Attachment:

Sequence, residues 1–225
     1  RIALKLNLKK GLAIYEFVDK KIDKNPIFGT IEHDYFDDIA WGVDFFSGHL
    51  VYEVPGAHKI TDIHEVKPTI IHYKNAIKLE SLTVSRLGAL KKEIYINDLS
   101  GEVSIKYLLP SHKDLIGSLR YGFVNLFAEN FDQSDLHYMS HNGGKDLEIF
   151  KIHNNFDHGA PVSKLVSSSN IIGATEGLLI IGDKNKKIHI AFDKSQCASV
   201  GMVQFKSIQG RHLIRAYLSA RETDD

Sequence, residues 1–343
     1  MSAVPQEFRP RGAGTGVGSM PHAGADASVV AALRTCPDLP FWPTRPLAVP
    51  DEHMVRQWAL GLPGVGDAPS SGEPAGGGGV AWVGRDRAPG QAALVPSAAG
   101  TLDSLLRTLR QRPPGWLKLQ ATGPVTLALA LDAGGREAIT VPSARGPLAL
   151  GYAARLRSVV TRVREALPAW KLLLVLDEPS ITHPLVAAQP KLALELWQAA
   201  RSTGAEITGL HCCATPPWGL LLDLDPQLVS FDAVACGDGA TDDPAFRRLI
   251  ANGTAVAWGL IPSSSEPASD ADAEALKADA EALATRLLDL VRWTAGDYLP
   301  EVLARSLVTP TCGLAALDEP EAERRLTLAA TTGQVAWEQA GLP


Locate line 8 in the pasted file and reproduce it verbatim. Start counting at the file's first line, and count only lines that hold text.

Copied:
     1  MSAVPQEFRP RGAGTGVGSM PHAGADASVV AALRTCPDLP FWPTRPLAVP